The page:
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How to Photograph a Goddess

I hope you’ve all seen the wonderful wintry delight that is the latest issue of the Twist Collective, dear readers. Apart from the usual joy I feel at seeing the latest patterns, this issue had an extra little something that sent my heart racing in excitement. As the page loaded I jumped up and walked around the room for a while… Then I took a little peep. Eee! I ran off again and did something else because I just couldn’t bear the excitement. Then I came back again and looked at the next page. Squee! Here’s the spread with my photos illustrating Paula Berman’s beautiful poem, ‘Clotho Visits the Local Yarn Store’. There are a couple of photos on the Articles page too, but I thought I’d share some of the outtakes with you, and tell you how it all came to be. You can see the full set on Flickr.


The whole vision took a while to present itself to me, as it always does. After I received the poem, I did some brainstorming on paper, I set up a few shots with my spindle and some roving, but things were grey and still and boring. As is always the case, I had nothing in my stash that would work for the assignment. I was also having trouble with good natural lighting, so I decided to take a trip to Wales. True to the title of the poem, I visited my Local Yarn Store first. I walked in, carrying my weekend bag & backpack, rather out of breath as I was hurrying to catch the train, and asked the girl at the counter whether they had some nice creamy-coloured yarn, something fluffy. She thought about this for a bit, then went and found me a ball of Wendy Chic. I explained that I meant yarn with a nice pile, preferably something natural. She ummed a bit more and found me another ball of acrylic. I gave up, spotted a bag of a silk/merino blend that was on offer, paid and ran out of the shop. I’m sure Clotho never had this trouble…

The Fates

Clotho, in case you don’t know (I’m sure you do) is one of the three Fates (Moirae) from Greek mythology. Clotho (the “spinner”) spun out the life of a person, Lachesis measured it out, and Atropos cut it. The Fates were usually depicted wearing white, and I thought making everything very pale would add to the sense of mystery and dislocation. This meant getting very cold in a white summer dress in the cottage, and seeking out blank walls. I did my best with the spinning shots, as my skills are still rather rudimentary. I dreamt a lot about ordering a custom ebony spindle, but I overran the deadline as it was! Ah well.

The next photo involved emptying all my boyfriend’s books off his shelf. I wanted a lot of ghostly motion in the photos; everything must be ethereal, as the premise of the poem is basically a dream (and I imagined Clotho as rather incorporeal).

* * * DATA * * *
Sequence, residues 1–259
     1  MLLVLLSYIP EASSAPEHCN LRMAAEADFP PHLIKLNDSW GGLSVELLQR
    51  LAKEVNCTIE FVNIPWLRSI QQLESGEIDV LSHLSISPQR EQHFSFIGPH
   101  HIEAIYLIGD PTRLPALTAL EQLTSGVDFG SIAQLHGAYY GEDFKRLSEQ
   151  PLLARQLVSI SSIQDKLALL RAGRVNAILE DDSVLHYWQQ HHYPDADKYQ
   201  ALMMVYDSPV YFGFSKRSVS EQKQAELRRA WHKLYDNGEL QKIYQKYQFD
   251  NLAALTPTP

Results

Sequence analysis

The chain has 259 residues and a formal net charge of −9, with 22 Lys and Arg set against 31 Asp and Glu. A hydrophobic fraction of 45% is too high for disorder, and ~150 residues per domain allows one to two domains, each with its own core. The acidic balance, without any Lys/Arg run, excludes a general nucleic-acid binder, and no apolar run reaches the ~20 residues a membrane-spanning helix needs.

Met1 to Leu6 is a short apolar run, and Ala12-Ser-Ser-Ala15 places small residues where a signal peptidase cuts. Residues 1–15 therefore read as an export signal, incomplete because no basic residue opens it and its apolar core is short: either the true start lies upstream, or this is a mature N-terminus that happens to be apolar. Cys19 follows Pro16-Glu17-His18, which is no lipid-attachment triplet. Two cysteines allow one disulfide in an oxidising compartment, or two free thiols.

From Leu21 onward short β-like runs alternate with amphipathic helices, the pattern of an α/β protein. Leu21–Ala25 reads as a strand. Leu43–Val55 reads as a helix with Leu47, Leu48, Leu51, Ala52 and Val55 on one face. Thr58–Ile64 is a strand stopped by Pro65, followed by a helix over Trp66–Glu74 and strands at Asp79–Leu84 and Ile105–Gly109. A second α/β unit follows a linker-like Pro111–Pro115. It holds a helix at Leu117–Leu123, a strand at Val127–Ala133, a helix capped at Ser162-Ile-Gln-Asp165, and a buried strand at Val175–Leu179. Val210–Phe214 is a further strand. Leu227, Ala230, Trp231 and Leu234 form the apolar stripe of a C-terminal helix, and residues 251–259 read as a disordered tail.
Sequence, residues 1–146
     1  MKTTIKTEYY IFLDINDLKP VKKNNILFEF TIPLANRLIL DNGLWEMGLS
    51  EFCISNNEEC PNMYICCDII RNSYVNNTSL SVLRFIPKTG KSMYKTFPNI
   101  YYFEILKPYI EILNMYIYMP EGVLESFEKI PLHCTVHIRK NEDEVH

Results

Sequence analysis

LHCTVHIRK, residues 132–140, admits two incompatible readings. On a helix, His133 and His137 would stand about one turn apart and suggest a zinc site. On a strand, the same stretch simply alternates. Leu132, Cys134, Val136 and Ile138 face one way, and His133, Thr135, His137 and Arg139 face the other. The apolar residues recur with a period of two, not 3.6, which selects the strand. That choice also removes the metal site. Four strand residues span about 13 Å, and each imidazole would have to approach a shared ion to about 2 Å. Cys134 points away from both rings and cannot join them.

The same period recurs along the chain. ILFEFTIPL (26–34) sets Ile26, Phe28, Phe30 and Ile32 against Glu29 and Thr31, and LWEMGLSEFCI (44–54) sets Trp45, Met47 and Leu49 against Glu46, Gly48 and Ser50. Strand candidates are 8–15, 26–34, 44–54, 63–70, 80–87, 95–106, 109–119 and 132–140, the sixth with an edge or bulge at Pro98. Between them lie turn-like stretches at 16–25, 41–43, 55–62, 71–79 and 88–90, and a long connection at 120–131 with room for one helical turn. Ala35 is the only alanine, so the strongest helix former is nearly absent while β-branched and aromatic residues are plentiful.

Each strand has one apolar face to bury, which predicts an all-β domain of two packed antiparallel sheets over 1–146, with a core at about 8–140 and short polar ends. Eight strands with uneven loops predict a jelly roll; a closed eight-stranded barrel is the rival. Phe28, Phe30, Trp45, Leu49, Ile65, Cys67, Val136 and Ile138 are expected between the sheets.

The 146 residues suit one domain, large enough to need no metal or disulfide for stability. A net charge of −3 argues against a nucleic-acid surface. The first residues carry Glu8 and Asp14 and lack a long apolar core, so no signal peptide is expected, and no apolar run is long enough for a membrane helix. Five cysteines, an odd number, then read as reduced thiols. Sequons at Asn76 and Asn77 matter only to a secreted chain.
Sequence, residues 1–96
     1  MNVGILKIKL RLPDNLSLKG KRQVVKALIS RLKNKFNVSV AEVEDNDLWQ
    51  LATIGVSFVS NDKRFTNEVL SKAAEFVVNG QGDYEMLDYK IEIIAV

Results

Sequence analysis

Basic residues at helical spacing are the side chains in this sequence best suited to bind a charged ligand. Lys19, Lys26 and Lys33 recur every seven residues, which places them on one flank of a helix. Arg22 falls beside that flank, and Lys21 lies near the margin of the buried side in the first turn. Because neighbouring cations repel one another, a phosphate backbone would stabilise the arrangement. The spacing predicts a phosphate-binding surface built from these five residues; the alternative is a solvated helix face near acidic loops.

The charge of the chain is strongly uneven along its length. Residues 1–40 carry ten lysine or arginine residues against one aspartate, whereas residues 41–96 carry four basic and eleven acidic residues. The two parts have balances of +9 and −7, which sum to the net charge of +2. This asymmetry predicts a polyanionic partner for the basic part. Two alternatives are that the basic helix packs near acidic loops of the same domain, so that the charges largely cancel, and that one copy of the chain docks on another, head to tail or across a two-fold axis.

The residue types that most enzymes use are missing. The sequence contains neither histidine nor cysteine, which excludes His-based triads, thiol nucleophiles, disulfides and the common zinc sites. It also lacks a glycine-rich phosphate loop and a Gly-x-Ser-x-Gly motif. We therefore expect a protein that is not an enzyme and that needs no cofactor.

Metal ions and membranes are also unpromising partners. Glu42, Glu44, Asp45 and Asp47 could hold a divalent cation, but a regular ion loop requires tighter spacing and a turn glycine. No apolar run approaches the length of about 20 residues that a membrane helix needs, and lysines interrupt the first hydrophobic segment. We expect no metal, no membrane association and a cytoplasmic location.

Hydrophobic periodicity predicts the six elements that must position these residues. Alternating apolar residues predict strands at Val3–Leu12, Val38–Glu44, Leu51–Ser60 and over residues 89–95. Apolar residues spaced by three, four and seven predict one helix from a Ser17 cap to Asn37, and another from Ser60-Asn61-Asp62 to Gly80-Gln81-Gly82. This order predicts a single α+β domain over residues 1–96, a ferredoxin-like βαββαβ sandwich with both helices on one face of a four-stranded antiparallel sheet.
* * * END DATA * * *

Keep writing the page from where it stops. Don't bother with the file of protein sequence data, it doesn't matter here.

I love the end of the poem, the strong voice booming, ‘I am Destiny’. This is mythology, after all, not the place for happy endings. I wanted to presage this; Clotho’s inability to escape her role. Here is Atropos sneaking into the shot, ready to cut the dream short…


I hope you enjoy the photos, and thanks once again to the lovely ladies at Twist for giving me this opportunity! :)

18th November, 2009  // Inspiration, Photographs // tags: , , , .


  1. Laura says:

    What lovely photos!

  2. LittleWit says:

    Your photos are gorgeous. I loved seeing the spread in Twist! :)

  3. misa says:

    How lovely and ethereal your photos are. It must feel so good to have them on Twist.

  4. Gretchen says:

    so beautiful and soft and strong all at the same time. I saw that first image with the fibre wrapped around the hand and had to read the poem. That’s something.

  5. Sarah says:

    Wonderful photos – and love the glimpse behind the scenes

  6. Marianne says:

    wow, I shall go back and have another look. Beautiful photography and words!

  7. skeinqueen says:

    I really enjoyed hearing the story behind the gorgeous, ethereal photos.

  8. Melynda says:

    So beautiful and serene… I love them all!

  9. Linda says:

    I love your photography, just gorgeous!

  10. Kirsten says:

    beautiful and dreamy photos. lovely work.

  11. Sharon says:

    How cool, I read that poem and admired the photos, only to now realize that you did them. How awesome! Nice job, thanks for sharing the outakes and some of the mythology with us :)

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